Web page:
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Machine learning algorithm improves accuracy of ortho-K lens fitting in vision shaping treatment
Contact Lens & Anterior Eye  (IF3.077),  Pub Date : 2021-07-21, DOI: 10.1016/j.clae.2021.101474
Yuzhuo Fan, Zekuan Yu, Tao Tang, Xiao Liu, Qiong Xu, Zisu Peng, Yan Li, Kai Wang, Jia Qu, Mingwei Zhao

Purpose

To construct a machine learning (ML)-based model for estimating the alignment curve (AC) curvature in orthokeratology lens fitting for vision shaping treatment (VST), which can minimize the number of lens trials, improving efficiency while maintaining accuracy, with regards to its improvement over a previous calculation method.

Methods

Data were retrospectively collected from the clinical case files of 1271 myopic subjects (1271 right eyes). The AC curvatures calculated with a previously published algorithm were used as the target data sets. Four kinds of machine learning algorithms were implemented in the experimental analyses to predict the targeted AC curvatures: robust linear regression models, support vector machine (SVM) regression models with linear kernel functions, bagging decision trees, and Gaussian processes. The previously published calculation method and the novel machine learning method were then compared to assess the final parameters of ordered lenses.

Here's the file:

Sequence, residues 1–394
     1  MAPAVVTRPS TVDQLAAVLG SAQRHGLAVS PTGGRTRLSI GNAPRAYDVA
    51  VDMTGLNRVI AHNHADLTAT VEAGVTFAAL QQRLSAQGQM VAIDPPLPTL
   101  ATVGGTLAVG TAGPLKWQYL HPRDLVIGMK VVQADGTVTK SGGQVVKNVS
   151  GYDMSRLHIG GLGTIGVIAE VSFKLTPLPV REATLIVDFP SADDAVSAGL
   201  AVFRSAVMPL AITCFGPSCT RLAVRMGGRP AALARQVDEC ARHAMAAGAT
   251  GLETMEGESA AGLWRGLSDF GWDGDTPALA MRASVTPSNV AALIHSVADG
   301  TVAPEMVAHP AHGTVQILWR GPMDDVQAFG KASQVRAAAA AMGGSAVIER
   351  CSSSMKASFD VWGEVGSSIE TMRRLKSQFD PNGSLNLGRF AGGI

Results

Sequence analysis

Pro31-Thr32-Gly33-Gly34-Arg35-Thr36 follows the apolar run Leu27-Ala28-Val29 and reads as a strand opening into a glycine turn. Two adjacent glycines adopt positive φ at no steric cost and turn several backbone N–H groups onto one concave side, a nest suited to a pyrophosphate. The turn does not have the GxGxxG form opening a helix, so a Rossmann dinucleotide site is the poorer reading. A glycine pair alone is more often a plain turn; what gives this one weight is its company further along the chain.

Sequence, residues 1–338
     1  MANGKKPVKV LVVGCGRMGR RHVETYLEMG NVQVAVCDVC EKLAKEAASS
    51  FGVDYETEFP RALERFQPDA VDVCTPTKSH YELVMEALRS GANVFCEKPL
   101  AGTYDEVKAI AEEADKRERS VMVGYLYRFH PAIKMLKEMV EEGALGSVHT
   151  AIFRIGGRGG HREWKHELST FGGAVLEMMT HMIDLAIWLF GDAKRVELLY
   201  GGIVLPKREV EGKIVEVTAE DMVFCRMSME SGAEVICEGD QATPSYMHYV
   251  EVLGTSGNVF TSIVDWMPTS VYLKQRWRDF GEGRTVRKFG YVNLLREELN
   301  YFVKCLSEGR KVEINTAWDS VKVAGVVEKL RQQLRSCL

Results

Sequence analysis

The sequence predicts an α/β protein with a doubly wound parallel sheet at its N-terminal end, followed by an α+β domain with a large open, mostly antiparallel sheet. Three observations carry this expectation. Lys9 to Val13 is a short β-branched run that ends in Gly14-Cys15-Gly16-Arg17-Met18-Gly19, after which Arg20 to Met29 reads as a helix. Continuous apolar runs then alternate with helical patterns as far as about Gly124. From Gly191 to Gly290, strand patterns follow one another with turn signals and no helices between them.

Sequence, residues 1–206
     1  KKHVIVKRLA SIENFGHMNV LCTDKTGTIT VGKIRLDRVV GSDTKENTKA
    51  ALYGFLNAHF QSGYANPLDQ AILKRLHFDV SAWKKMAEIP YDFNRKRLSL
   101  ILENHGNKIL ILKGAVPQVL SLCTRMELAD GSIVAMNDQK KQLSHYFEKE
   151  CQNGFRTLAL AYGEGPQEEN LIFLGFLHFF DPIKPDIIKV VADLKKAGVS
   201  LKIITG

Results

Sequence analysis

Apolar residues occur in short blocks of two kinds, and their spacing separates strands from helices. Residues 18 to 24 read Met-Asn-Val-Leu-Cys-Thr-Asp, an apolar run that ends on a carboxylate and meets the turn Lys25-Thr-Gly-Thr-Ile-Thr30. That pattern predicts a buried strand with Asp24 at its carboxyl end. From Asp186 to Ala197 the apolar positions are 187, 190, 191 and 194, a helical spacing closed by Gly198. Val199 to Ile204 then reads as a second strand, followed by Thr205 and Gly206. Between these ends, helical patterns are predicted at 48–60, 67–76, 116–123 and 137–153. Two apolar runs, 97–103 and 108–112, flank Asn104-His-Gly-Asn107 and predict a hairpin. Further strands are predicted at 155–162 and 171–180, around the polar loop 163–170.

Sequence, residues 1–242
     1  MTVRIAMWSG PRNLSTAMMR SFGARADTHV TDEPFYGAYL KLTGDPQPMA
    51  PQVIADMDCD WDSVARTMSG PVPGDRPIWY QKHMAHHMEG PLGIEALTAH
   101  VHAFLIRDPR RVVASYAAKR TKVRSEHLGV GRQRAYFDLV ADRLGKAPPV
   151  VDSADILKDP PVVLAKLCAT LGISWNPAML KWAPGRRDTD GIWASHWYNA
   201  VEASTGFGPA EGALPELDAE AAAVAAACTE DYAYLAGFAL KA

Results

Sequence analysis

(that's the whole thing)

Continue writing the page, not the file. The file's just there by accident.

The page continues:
Results

The linear SVM and Gaussian process machine learning models achieved the best performance. The input variables included sex, age, horizontal visible iris diameter (HVID), spherical refraction (SER), cylindrical refraction, eccentricity value (e value), flat K (K1) and steep K (K2) readings, anterior chamber depth (ACD), and axial length (AL). The R-squared values for the output AC1K1, AC1K2 and AC2K1 values were 0.91, 0.84, and 0.73, respectively. The previous calculation method and machine learning methods displayed excellent consistency, and the proposed methods performed best based on flat K reading and e values.

Conclusions

The ML model can provide practitioners with an efficient method for estimating the AC curvatures of VST lenses and reducing the probability of cross-infection originating from trial lenses, which is especially useful during pandemics, such as that for COVID-19.